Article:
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Harry Potter and the Deathly Hallows pt. 2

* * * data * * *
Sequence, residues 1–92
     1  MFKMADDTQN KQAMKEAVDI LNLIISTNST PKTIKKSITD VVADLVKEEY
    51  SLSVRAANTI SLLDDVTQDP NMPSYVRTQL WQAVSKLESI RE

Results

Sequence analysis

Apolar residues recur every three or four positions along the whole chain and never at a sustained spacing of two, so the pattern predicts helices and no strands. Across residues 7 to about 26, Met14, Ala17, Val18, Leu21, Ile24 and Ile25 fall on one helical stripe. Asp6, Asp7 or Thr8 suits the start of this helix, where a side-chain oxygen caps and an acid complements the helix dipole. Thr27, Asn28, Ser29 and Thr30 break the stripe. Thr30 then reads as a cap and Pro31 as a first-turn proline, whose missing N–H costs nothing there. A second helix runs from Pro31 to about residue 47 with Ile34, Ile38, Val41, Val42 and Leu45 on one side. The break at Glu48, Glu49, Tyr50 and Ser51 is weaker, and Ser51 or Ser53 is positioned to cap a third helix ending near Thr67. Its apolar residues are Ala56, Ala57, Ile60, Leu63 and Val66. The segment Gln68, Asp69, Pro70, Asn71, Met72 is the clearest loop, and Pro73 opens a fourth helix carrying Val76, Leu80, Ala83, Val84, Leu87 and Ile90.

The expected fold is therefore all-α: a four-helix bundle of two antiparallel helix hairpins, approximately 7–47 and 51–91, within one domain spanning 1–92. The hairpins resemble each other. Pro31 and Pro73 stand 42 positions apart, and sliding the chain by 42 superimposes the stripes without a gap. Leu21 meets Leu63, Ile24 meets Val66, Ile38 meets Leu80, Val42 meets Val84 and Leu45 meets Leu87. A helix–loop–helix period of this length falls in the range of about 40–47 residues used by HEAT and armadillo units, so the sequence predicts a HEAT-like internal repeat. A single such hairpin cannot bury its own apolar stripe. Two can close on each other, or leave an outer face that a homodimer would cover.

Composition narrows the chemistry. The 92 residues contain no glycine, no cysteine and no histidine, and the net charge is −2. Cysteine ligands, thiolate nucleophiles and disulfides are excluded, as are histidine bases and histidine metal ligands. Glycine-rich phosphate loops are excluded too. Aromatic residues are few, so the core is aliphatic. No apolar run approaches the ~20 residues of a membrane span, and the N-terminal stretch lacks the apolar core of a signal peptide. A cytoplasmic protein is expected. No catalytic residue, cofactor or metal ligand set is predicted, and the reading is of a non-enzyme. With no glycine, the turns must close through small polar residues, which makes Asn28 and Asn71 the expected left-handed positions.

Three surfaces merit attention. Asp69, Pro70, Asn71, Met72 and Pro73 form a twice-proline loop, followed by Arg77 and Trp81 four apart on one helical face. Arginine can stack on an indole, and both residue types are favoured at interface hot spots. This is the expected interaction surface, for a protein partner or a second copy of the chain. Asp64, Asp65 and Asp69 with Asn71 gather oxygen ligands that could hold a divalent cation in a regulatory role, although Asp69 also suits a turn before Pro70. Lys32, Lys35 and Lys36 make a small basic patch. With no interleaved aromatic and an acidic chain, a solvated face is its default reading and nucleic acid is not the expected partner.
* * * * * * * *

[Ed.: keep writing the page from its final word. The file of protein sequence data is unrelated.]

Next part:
Hold on one second.  I'm still tearing up, let me wipe them away.  It's hard to write a review for the last Harry Potter movie objectively, especially since I'm sitting here wearing my "9 3/4" hat I got at the screening!  In a word though...Harry Potter and the Deathly Hallows part 2 is PERFECT! I'm a huge Potter fan and let's be honest, you're not even considering seeing this if you're not.  This is the eighth installment of the most lucrative film series of all time, and it's also (tear) the last.  Harry Potter blessed us with the first movie ten years ago and it's been part of our lives ever since.  In the final installment, however, the s**t hits the fan and we're presented with the darkest, most dramatic, most tear-jerking, well-done film in the series. Splitting the Deathly Hallows book into two movies was brilliant on Warner Bros. part.  The first one grossed over a billion dollars, so why have one billon dollar movie when you could have two?  But not only was it done for greed, but it was also done to give the fans the proper send off they wanted and that the books deserved.  Director David Yates, who's done the last three films, reaches his zenith by pushing the limits of what a Potter fan can handle as far as adult content.  The film picks up exactly where the last one left off and within 40 minutes of the slightly over two hour runtime, the film is balls-to-the-wall action.  It's a nice change considering that Deathly Hallows part 1 dragged on (as it does in the book) to the point of exhaustion. What impressed me more than anything was the cast.  In this final film, we get the performances from everyone that we've been longing to see.  All the kids finally proved why they were cast in those roles to begin with and all three have moments in the film where they're given the spotlight to really prove they have dramatic chops.  However, for me, stealing the show is Alan Rickman (Dogma, Galaxy Quest), who plays Snape.  I won't give anything away to the Muggles who haven't read the book, but we find out his entire past in a montage that lasts an emotionally exhausting 6 minutes that doesn't leave a dry eye in the theater.  It makes me wonder if it's too early to whisper "Best Supporting Actor?" to anyone that would listen. That makes me wonder a final point about this.  When the Lord of the Rings trilogy ended, the Academy did the sensible thing and waited for it to conclude and then crapped Oscars all over it.  Will they be smart enough to do it here?  Do I think Deathly Hallows part 2 is good enough to earn Oscars on its own?  Yes I do.  But should it be symbolically showered with little gold men for the accomplishments the series achieved in taking a Chris Columbus (Home Alone) directed children's film all the way to the gory, action and tears soaked crescendo and earning the tens of billions of dollars along the way?  I believe that too.  Now it's up to them.  They should do the sensible thing and show their gratitude like the rest of us and say "Thanks for the last decade of our lives, Harry." Harry Potter and the Deathly Hallows part 2 (Rated PG-13) Gavin Grade: A+